Chito Loyzaga is one refutation of the Greek saying that great fathers seldom have great sons. Chito has resigned his membership in the Philippine Sports Commission to be with his ailing father in Australia.
I can still remember when Carlos Loyzaga was called Pomfret after a Canadian athletic great. I can recall when he led the Philippine team to a No. 3 finish in word basketball in Brazil in 1953.
I was in Rizal High then and rooted for Ateneo, whose rival was San Beda. La Salle was not even in the radar screen at the time, with all due respect. It was San Beda versus Ateneo which drew mammoth crowds to the oven-like Rizal Memorial Stadium, for the big enchilada, the Zamora Trophy, which San Beda got and retired after three years as champion, thanks to Pomfret.
When I got to San Beda in 1955, I might have been torn between Ateneo’s Moro Lorenzo, et. al. and San Beda’s Caloy, et. al. But that little love for San Beda, slowly grew and grew, until it became a passion that whipped the blood. It still does — umpa, umpa — if fan came from fanatic, I can only agree. Time was when the NCAA was king, but later wracked by violence in the 60′s, it was suspended. And revived.
Elitist Ateneo and La Salle were unaffordable to me in 1955. San Beda, our family could afford beginning with the fare from Pasig, 15 centavos to Legarda-Azcarraga (now Recto) but beyond that, another unaffordable five centavos. A Compassionate Providence led me to Mendiola, where I continue to teach what I understand from the Bible, that poverty is respectable, refined at Harvard where some are miseducated to gain the whole world. Yes, I can say I had the advantage of poverty, as the Good Book says, on lilies of the field, and rich men and camels. (Baon ko, piso, 30 sentimos pamasahe, 10, Coke, 10, hopiang Hapon, or 30, hamburger, if I felt like splurging.)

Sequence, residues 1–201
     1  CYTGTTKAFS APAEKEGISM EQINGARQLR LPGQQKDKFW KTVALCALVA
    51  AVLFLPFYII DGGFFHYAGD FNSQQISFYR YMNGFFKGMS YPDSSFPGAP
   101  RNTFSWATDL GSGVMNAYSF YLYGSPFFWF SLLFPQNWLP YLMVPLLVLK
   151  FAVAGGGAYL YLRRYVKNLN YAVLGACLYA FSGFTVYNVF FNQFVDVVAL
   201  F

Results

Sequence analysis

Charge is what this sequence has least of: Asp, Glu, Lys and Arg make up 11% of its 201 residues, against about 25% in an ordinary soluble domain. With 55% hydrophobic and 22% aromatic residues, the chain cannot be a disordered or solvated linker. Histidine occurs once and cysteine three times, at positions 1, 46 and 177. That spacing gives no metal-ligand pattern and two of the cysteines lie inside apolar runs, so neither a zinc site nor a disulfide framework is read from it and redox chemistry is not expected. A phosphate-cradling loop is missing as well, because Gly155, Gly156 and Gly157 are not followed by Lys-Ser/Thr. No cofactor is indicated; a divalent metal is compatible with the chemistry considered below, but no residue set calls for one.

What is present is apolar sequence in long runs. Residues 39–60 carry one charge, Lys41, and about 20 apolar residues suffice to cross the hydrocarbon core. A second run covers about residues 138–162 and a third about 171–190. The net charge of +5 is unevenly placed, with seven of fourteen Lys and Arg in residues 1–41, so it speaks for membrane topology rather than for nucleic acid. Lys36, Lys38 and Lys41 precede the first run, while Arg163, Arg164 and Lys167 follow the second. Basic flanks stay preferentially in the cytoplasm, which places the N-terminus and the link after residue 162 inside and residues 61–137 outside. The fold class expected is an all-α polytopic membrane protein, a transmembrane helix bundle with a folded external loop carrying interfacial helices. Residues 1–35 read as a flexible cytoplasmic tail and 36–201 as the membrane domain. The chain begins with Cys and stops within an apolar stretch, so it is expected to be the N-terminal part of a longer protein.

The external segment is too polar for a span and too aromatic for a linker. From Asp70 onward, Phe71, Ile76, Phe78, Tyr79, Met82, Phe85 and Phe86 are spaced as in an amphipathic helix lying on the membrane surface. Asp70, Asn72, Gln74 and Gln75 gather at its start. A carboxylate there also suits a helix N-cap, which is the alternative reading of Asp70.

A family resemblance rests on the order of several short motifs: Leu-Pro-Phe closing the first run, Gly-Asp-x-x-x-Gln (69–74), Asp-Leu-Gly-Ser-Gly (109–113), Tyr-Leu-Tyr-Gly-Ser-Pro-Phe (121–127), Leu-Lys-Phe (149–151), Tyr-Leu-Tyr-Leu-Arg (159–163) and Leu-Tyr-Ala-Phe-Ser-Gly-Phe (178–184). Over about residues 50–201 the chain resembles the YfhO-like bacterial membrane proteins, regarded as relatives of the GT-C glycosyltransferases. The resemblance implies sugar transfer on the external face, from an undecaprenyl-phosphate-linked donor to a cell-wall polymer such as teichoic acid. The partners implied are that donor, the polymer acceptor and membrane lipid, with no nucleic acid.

Yes, Caloy is the father of Chito, the only Loyzaga I really got sort of close to. School ties and interest in baseball which Chito is doing his utmost to promote led to our bonding.
Caloy, if my memory is true, once had an injury in a softball game, which sidelined him decades ago. Or so I read or heard somewhere. My late wife, Dulce, met Chito in her work in Mondragon and was impressed by his breeding. Buen educado.
Born in Mindoro, Caloy first attracted notice in Manila as a comer in Tervalac (from Teresa-Valenzuela) which we would pass through daily going to San Beda from Pasig and back, passing Santa Mesa, by bus (Halili or Mandbusco). There was the well-known Tervalac basketball court where Caloy was an icon, a distinction that spread throughout the country and Asia and beyond.
He stood at 6-foot-3 at a time when some centers would not even be six-footers. He was not the only 6-foot-3 guy then but he stood out because of his high BQ — basketball quotient. He used his gift, his talent, to the utmost, as the Bible mandates.
Ting Cuna was a teammate of Caloy, but gifted as he was as a star in his own right, Ting could only speak glowingly of a mega-star he had the privilege to play with. Marunong makisama.
Caloy was said to resent being called Kalbo in San Beda in the 50′s but Pinoys are nothing if not world-class hecklers.
“Isa-dalawa-tatlo, ang tatay-mong-kalbo” was a popular taunt or kantyaw at the time. My wife, Dulce, was concerned that the drive to sell Nike would be difficult because Pinoys might not take to Michael Jordan, “isang negrong kalbo.” (Among her staffers then was one Noynoy Aquino, who he advised to take up some sport, and he turned to shooting, and produced Kabarilans.)
But MJ took the world by storm and some periods I would see our three sons with heads like billiard balls. A handicap became a status symbol and even today, some players I call Kalburos. Some studes of mine are.
The Loyzagas will forever shine and be with us, somewhere in our grateful hearts.
Caloy is simply the best basketball player our country has ever seen. Truly big time, the Big Difference, in basketball. Chito promotes baseball, where our chances of producing an Ichiro Suzuki is higher than producing a Jeremy Lin. Caloy was invited by the Flamingos, if my memory is true, but he came home, to give more honors to his native land. And he has never really been away, in our appreciative heart or hearts.